The Elders of Safed
By Lavie Tidhar
In Israel, when a winter is particularly savage, when something hadn’t happened in many years, such as freak snow or a tornado, they say that even the Elders of Safed don’t remember such a winter. There is a caveat. The cynics add that the Elders of Safed can’t even remember what they had for breakfast that morning. That is not true.
Safed lies in the mountains above the Sea of Galilee. It is the home of kaballah, the secret, mystical wisdom of the Jews. It is (with the exception of Jerusalem) the closest place to heaven, on Earth. Its residents paint the walls of their houses blue. Old men float down the street, deep in concentration, hovering several feet above the ground. Rare flowers blossom on street corners and grow upside-down and send bright petals blowing across windows and fill the air with the scents of Africa and Asia and Atlantis. There are alligators in the water supply. At certain times of the morning one can spot a herd of elephants, half-translucent, crossing the main street. An old English lady takes tea with God every afternoon in her backyard.
The Elders of Safed know when the sun will set and when it will rise, and have calculated down to several decimal points when the last ever sunset would be, and the time of the messiah’s arrival, which they keep secret but say, when pushed – ‘Don’t you worry, it won’t be any time soon.’ The Elders of Safed read the book of the Zohar every day and grow their beards long and some of them never cut their toenails. The children of Safed play soccer in the streets and they never stop to think that the Elders of Safed must have been children once, too, and were made to wash and go to bed early and weren’t allowed to get their shorts muddied. Every morning the Elders of Safed communicate telepathically with the monks of a hidden monastery that lies in a secret valley in Nepal, and they discuss the Overall Plan, and argue theology. Every four years the Elders of Safed watch the soccer world cup and lay bets and they use all their secret wisdom, but despite everything Israel had never made it past the preliminary stage.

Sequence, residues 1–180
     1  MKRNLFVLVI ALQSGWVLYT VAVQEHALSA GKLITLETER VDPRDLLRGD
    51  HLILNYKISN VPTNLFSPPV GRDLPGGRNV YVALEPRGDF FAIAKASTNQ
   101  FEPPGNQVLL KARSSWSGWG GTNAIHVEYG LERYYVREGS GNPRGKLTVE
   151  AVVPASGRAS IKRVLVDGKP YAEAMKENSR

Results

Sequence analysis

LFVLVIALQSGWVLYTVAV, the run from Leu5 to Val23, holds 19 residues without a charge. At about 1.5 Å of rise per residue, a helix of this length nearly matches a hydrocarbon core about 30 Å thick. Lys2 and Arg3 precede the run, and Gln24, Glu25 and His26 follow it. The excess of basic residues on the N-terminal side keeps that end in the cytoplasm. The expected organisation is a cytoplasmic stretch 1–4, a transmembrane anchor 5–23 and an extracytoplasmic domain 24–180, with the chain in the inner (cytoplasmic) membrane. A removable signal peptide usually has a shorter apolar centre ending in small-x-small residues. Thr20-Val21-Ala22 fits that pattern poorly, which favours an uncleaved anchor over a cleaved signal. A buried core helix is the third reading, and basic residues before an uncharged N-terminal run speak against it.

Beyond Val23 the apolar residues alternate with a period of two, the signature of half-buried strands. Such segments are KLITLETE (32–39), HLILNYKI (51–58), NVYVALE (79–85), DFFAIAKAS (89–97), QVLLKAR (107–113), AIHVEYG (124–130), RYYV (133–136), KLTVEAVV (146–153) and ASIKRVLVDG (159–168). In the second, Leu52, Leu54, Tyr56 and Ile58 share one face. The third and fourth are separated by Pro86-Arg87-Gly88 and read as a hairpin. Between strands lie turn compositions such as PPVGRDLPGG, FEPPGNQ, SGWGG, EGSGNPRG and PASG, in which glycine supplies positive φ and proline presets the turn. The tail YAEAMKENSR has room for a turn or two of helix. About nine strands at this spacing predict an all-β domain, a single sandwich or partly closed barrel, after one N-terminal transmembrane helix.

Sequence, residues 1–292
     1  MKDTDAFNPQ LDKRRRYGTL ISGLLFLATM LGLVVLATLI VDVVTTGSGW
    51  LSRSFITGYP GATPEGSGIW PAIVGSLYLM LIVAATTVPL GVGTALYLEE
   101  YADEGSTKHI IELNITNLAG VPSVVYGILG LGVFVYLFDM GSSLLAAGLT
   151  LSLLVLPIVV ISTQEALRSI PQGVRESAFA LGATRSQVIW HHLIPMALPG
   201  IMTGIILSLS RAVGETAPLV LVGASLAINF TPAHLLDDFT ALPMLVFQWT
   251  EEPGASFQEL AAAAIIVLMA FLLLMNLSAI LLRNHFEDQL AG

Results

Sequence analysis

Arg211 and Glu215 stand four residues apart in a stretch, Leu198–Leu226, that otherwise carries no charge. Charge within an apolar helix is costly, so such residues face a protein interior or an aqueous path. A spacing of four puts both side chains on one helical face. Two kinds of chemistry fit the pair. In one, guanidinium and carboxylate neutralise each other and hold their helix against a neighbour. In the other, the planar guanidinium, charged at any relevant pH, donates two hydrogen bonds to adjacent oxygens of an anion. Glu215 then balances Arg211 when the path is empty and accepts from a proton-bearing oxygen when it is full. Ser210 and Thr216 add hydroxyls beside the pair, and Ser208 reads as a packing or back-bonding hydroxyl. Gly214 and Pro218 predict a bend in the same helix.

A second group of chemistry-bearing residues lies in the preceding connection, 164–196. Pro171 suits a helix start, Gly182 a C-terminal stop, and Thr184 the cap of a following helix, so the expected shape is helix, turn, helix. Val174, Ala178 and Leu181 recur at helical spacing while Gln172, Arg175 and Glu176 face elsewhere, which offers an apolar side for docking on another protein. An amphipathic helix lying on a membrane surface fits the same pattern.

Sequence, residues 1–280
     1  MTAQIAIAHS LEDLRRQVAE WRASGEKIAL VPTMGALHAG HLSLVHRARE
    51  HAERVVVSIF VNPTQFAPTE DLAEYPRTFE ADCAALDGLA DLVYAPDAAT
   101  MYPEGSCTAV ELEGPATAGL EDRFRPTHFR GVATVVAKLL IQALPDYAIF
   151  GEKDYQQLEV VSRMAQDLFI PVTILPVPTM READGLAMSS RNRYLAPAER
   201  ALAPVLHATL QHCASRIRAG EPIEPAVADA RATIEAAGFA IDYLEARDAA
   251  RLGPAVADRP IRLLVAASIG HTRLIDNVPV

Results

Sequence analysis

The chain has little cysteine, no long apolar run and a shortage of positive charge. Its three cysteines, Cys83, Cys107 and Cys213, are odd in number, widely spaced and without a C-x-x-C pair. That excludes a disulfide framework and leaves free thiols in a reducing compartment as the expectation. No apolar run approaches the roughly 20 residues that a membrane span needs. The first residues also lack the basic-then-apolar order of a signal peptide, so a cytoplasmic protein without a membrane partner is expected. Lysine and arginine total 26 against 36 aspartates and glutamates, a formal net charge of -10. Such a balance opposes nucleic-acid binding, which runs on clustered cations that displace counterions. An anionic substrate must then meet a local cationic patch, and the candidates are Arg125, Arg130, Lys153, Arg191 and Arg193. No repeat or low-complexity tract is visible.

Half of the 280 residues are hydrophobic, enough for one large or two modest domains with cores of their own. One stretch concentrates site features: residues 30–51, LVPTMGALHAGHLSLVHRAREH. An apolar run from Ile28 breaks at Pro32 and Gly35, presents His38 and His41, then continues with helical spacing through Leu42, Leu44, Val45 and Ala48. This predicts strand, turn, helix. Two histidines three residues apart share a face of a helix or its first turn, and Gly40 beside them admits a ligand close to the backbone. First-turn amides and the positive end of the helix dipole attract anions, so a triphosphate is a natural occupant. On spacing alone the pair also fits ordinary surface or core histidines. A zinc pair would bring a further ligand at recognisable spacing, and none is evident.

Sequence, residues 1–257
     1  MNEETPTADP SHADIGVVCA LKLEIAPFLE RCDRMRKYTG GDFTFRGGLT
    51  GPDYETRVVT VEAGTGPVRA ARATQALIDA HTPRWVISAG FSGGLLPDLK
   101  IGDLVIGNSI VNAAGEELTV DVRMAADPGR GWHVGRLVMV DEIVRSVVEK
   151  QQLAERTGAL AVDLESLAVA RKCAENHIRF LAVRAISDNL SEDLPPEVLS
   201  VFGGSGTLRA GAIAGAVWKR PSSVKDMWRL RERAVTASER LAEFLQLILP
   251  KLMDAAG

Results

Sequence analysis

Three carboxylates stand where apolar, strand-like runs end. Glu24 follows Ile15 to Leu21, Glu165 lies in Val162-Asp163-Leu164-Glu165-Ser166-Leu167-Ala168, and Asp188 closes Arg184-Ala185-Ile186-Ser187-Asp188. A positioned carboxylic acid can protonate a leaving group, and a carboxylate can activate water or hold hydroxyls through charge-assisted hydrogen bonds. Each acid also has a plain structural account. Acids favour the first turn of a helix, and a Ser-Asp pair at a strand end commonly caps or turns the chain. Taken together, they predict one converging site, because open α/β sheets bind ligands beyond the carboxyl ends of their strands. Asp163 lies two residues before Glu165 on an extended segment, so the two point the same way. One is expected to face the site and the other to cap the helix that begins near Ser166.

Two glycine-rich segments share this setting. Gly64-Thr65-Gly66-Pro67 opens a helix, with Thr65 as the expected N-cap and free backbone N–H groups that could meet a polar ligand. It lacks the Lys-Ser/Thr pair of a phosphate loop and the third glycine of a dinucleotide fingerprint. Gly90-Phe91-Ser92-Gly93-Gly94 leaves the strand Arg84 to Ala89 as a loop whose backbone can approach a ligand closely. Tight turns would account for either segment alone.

Osama was out last year in several European countries, and subsequently I found out that:
- In Germany, my translator, Juliane Gräbener-Müller, is nominated for the Kurd Lasswitz Prize, in the Best Translation category, for her translation of Osama (pub: Rogner & Bernhard).
- In France, my cover artist, Pedro Marques, is nominated for the Prix Imaginales, for his cover of Osama (pub: Panini/Eclipse).
This is fantastic news – Pedro’s cover was the last thing I expected for Osama, but as soon as I first saw it I knew it was absolutely right – I love that 1950s Penguin paperback vibe it has, that cool modernism. It ended up being used on the mass market paperback, the French, and the German editions of the book and was previously nominated for a BSFA Award.
As for Juliane, I can’t judge the German translation myself, but it’s been an utter pleasure working with her (and indeed, with everyone at Rogner & Bernhard, who have been amazing throughout), and I’m delighted to see her work recognised – in fact, I wish translators were recognised a lot more than they usually are, and it’s great to see the Kurd Lasswitz has a special category explicitly for translators.